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This book examines in rich detail the lives, struggles and strategies of South Asian activists seeking to advance various political, social and environmental causes. Through a series of case studies from Bangladesh, India, Nepal and Sri Lanka on activists' efforts, it elucidates how they mediate between different spheres that are often (and sometimes legally) kept apart-the political and the legal, the economic and the political, the local and the international.
The uniqueness of this book lies in its treatment of 'civil society' as a process brought into being by the actions of specific individuals whose struggles and experiences can profitably be examined for understanding everyday politics.
The ethnographic studies lay bare how activists in the entire region continuously wrestle with the tensions between the tidy boxes of official classifications and the fuzzy categories of everyday life.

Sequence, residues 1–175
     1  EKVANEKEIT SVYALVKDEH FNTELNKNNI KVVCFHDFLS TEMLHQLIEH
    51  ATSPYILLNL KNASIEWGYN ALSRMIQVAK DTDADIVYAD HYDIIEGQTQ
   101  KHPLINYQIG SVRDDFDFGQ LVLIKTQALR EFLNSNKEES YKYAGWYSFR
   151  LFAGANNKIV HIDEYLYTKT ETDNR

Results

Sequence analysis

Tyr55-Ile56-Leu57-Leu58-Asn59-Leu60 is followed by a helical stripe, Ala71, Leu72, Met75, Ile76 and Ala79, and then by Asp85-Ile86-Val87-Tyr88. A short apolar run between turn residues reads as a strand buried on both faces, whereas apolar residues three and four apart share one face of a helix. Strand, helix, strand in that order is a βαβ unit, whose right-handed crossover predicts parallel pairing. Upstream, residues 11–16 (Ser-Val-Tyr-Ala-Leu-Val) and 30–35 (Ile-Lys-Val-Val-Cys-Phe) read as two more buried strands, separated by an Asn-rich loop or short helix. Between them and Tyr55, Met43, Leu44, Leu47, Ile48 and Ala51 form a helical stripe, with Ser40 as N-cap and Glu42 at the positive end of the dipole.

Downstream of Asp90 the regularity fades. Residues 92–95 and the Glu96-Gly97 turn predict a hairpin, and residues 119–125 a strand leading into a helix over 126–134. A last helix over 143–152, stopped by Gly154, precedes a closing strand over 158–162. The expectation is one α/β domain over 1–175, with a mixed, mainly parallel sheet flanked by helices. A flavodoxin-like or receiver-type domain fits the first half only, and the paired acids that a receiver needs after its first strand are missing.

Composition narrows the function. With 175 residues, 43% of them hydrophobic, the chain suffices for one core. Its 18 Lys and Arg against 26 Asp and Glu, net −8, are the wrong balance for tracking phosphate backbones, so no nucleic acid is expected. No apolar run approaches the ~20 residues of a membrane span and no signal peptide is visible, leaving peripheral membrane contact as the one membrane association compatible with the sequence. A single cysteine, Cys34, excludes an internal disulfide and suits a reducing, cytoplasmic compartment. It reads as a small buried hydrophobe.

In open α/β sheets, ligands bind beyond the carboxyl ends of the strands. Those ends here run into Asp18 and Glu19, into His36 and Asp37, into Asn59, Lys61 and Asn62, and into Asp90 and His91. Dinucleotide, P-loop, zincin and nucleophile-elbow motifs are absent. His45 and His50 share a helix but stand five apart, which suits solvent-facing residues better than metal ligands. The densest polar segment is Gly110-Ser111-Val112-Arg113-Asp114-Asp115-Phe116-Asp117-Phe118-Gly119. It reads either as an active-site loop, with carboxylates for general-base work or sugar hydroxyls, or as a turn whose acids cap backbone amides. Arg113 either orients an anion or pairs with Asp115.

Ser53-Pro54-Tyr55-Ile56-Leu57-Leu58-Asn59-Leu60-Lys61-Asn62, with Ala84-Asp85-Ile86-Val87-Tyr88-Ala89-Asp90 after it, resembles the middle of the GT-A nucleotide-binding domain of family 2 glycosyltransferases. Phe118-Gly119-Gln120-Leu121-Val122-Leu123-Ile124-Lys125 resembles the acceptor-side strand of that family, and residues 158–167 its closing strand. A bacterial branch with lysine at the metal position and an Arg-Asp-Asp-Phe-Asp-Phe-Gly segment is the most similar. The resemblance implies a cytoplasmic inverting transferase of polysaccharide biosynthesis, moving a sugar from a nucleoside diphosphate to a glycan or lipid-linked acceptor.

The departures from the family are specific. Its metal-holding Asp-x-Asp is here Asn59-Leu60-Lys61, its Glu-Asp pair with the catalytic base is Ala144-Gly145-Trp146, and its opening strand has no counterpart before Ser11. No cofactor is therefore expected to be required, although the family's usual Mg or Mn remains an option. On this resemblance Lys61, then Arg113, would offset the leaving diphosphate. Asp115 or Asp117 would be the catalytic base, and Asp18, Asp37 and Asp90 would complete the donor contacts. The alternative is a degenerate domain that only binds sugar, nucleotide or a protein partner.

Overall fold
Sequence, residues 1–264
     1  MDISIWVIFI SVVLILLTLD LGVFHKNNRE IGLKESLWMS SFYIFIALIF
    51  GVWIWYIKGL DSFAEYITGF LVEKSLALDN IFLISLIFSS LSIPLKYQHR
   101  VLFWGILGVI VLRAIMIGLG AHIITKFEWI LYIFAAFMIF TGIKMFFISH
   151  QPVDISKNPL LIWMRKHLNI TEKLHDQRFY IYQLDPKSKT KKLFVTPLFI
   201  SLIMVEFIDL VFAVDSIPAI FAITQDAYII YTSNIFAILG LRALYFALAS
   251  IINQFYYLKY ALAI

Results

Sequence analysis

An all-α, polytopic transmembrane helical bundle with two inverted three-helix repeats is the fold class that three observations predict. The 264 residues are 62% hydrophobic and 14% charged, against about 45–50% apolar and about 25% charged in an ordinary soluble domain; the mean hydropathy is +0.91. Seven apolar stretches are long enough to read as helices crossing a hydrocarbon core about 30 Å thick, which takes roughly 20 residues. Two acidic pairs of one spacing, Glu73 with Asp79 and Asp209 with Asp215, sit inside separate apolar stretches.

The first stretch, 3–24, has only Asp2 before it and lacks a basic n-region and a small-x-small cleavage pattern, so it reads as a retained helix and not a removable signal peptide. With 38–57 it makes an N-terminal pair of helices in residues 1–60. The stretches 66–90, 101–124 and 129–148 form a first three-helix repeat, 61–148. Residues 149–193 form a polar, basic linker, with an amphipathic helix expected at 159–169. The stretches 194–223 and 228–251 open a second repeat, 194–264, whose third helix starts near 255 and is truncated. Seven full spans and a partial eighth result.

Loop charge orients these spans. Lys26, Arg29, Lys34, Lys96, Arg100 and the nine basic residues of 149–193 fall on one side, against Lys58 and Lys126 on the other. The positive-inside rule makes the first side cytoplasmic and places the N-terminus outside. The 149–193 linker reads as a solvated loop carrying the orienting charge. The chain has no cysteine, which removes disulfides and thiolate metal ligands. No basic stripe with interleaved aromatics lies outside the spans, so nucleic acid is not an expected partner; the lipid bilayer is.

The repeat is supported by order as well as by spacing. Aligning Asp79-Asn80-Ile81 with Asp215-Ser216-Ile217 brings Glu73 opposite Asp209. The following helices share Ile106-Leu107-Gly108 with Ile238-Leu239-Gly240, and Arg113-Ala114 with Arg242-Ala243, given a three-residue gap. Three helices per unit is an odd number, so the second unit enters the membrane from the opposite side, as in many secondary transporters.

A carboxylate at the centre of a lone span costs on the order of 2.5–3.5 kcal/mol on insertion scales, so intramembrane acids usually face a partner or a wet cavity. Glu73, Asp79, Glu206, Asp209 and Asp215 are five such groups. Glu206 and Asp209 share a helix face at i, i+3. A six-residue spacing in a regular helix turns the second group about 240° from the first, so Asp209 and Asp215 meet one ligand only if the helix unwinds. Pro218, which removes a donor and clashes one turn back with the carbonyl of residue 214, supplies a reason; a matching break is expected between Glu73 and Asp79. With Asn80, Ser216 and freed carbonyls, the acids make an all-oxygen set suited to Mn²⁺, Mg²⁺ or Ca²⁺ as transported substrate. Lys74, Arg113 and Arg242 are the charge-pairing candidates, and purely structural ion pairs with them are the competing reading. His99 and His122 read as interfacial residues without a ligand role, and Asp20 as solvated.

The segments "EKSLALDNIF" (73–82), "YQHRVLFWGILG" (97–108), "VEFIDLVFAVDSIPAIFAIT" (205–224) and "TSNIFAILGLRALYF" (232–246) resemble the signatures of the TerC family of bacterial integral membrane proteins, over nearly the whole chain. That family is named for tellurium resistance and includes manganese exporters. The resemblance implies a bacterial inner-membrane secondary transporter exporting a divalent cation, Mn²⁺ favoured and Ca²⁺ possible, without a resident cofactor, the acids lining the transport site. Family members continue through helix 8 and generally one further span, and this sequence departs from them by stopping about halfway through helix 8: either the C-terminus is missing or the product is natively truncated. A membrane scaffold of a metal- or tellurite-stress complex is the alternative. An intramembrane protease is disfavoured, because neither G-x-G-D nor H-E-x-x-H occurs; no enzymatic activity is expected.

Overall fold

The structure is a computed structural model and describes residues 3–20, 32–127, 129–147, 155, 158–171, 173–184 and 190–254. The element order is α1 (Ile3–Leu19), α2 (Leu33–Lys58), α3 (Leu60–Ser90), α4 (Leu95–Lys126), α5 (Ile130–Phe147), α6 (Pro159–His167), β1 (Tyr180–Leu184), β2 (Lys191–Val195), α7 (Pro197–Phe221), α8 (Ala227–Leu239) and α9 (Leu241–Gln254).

About the Author
David N Gellner is Professor of Anthropology at the University of Oxford and a Fellow of All Souls. He is the author of Monk, Householder, and Tantric Priest (1992) and The Anthropology of Buddhism and Hinduism: Weberian Themes (2001), and the co-author (with Sarah LeVine) of Rebuilding Buddhism: The Theravada Movement in Twentieth-Century Nepal (2005). Among his other edited volumes are Contested Hierarchies: A Collaborative Ethnography of Caste among the Newars of the Kathmandu Valley, Nepal (with D. Quigley, 1995), Nationalism and Ethnicity in a Hindu Kingdom (with J. Pfaff-Czarnecka and J. Whelpton, Harwood, 1997; 2nd edition, 2008), Resistance and the State: Nepalese Experiences (2003; Berghahn, 2007), Nepalis Inside and Outside Nepal and Political and Social Transformations in North India and Nepal (both with H. Ishii and K. Nawa, 2007), Local Democracy in South Asia (with K. Hachhethu, 2008), and Ethnic Activism and Civil Society in South Asia (2009).